VA embraces gaming as therapy for injured vets
Veterans Matthew Wade and Roger Brannon play Xbox as Microsoft CEO Satya Nadella looks on. (Photo credit: Lauren C. Williams)
Gaming is becoming an official therapy tool for the Department of Veterans Affairs.
The VA plans to offer gaming sessions as an alternative form of therapy, assist in mental and physical rehabilitation, and improve socialization for veterans with limited mobility through a partnership with Microsoft.
Microsoft announced the partnership involving its Xbox adaptive controllers designed for and with gamers with limited mobility in April. The tech giant donated 170 of the controllers to be used by 22 VA facilities, including the Washington, D.C., VA Medical Center, along with Xbox One S consoles, games and other equipment, including PDP one-handed joysticks, buttons and switches. Reporters were invited to join Microsoft CEO Satya Nadella’s Oct. 7 visit to the facility to meet with veterans using the equipment and clinicians who incorporate gaming into their care.
Colleen Virzi, a VA recreational therapist who coordinates all the adaptive sports therapies, said having different options, such as large, 6-inch wide buttons on the controllers, foot pedals and joysticks, allow gamers to customize their experience — which will hopefully yield favorable health outcomes.
“It’s a unique piece of equipment because no matter what type of disability you have, you can adjust it to work for you,” she said, adding that gaming can help with fine motor skills, improve competitiveness and socialization.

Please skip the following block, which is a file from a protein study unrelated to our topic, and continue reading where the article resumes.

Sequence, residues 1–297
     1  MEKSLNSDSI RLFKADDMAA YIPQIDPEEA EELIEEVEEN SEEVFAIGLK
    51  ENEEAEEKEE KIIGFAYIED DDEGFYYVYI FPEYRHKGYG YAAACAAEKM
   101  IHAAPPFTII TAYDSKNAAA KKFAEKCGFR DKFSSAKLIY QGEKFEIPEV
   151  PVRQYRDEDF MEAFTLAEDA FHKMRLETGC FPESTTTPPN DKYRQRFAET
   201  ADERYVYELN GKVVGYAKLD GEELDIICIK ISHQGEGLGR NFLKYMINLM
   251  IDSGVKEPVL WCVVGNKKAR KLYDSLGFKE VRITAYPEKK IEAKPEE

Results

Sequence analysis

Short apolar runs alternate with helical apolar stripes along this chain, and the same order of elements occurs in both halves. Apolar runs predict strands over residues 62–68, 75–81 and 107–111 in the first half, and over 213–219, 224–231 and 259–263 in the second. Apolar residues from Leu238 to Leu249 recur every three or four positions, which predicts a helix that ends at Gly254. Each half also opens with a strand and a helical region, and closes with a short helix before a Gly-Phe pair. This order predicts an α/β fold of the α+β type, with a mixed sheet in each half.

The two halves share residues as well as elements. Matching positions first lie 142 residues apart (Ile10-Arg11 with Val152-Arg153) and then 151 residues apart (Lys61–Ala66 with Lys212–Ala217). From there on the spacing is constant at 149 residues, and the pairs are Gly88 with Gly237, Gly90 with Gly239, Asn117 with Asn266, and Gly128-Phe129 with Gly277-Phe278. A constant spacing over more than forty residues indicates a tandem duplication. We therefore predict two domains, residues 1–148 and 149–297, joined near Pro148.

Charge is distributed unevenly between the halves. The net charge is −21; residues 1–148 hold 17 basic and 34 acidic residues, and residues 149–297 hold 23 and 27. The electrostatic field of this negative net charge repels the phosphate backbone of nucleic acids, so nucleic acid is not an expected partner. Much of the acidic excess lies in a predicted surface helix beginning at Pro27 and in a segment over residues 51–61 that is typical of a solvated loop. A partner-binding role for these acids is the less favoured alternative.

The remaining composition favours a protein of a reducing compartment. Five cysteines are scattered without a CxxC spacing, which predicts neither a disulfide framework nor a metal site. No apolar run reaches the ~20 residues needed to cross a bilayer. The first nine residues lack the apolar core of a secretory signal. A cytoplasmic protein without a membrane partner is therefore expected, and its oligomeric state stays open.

The plan, Virzi said, is to have a weekly outpatient clinic for about two hours. Veterans will get fitted for their controllers and compete against other veterans.
“Once they’re all set up we teach them how to play the game and kind of let them go and compete against their fellow veterans that are in the clinic with the ultimate goal of going home and playing with their families and friends,” she said.
Roger Brannon, 48, spent 28 years in the Marine Corps as active duty and in the reserves before he was diagnosed with amyotrophic lateral sclerosis (ALS), or Lou Gehrig’s disease, in 2016. And while Brannon said he was always into computers and games like World of Warcraft, the ALS diagnosis made gaming a bigger part of his life.
“I haven’t played a lot of games in a long time because I was busy working. But now that I’m retired, I try to find things to do with my son and he wants to play video games,” he said, laughing.
“When you can only play 15 minutes, for him, that’s level 1. He wants to go for an hour or two.”
Brannon, a former master gunnery sergeant and communications chief, said he can use a standard Xbox controller for only a few minutes before reaching his limit. With the adaptive controllers, foot pedals and joystick, he can play Star Wars and Minecraft with his 13-year-old son for more than an hour.
Brannon has requested adaptive controllers to improve his home gaming and said such controls will help as ALS progresses and patients become more “locked in your body.”
Matthew Wade, 31, on the other hand, is a dedicated gamer, who played as a kid and during the four years he was enlisted in the Navy as a master at arms, petty officer third class. Now, he uses gaming to connect with family and as a form of pain management.
Wade, became quadriplegic after suffering a cervical spine injury, said gaming is a welcome distraction from chronic pain.